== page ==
Italy Identifies ISIS Cell Suspected in 2013 Kidnapping

Italy Identifies ISIS Cell Suspected in 2013 Kidnapping

Wednesday, 12 December, 2018 - 15:00
Armed police officers stand on duty in Florence, Italy September 22, 2017. REUTERS/Max Rossi
Rome- Asharq Al-Awsat
Italian authorities said Wednesday they had identified members of the ISIS group believed to have been behind the 2013 kidnapping in Syria of Italian aid worker Federico Motka and Briton David Haines, who was later killed.

Carabinieri police said they had issued arrest warrants against six suspected militants who were "seriously implicated" in the crimes of terrorist association and kidnapping with the aim of terrorism. Police said two of the suspects are already detained in Belgium, while three are at large and a fourth is believed to have been killed.

Three of the suspects were born or raised in Britain and were part of a group known as "the Beatles." They are considered the most violent, police said.

Motka and Haines were seized by ISIS militants in northern Syria on March 12, 2013. Both had been working for the French aid group ACTED at a refugee camp in Atmeh, near Syria's border with Turkey, police said.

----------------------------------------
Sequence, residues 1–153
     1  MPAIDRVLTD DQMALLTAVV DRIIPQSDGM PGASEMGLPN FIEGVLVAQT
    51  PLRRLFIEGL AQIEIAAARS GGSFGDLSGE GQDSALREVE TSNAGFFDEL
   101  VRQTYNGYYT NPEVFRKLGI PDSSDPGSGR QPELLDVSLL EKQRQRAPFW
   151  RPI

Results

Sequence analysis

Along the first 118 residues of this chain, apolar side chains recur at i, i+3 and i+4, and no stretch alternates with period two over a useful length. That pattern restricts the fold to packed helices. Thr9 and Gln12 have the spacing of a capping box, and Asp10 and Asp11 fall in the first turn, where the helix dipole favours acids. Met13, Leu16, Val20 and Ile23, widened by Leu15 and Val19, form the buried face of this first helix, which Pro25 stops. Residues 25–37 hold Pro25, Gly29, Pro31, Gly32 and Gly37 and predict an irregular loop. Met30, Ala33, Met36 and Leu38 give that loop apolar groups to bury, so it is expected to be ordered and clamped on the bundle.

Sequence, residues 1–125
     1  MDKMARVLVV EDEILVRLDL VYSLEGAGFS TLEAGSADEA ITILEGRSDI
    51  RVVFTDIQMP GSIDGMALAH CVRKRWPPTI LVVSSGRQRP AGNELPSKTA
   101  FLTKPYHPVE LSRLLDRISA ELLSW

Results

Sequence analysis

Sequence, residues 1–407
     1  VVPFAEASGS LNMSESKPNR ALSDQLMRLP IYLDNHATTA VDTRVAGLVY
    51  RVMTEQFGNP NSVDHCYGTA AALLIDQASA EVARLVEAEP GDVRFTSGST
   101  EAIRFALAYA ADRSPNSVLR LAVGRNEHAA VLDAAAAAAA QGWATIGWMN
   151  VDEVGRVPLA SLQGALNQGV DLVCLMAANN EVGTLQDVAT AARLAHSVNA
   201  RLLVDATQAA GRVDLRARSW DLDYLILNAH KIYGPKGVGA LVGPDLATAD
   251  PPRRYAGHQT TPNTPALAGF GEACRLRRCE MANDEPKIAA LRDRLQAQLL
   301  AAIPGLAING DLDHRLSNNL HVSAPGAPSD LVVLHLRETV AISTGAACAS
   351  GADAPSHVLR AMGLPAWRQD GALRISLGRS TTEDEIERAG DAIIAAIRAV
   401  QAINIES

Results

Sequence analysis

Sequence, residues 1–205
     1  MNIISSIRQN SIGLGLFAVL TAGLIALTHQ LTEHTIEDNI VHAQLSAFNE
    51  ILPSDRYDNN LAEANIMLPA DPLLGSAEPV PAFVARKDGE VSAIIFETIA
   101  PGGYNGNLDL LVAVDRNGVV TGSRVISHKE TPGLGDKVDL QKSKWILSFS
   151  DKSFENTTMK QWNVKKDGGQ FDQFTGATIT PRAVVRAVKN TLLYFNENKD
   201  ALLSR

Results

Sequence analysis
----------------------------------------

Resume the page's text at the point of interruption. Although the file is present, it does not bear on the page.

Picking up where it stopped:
Haines was beheaded in September 2014. Police said Motka was freed May 27, 2014. Italy has long been suspected of paying a ransom when its citizens are kidnapped, though the government has never confirmed its methods.

The police statement marked the most detailed information yet provided officially by Italy since Motka's kidnapping and release, suggesting that he had become a key source of information for Italian investigators once he returned home.

Police said their investigation had allowed authorities to form a "complete reconstruction" of the kidnapping as well as the identifications of various detention centers in Syria, which it said could be useful to other European countries as they seek to find still unaccounted-for hostages.

The police statement noted that Motka had been moved 11 times during his detention and had come into contact with "numerous hostages" from Europe and the West. It said the hostages had all been subject to a "harsh regime of detention with episodes of unhuman cruelty."

Police identified the suspects as British-born Aine Leslie Davis and Alexanda Amon Kotey; El Shafee Elskeikh, born in Sudan and raised in Britain; Mehdi Nemmouche of France and detained in Belgium; Soufiane Alilou, born and detained in Belgium; and Salim Benghalem, born in France and believed to have been killed.

Editor Picks

Multimedia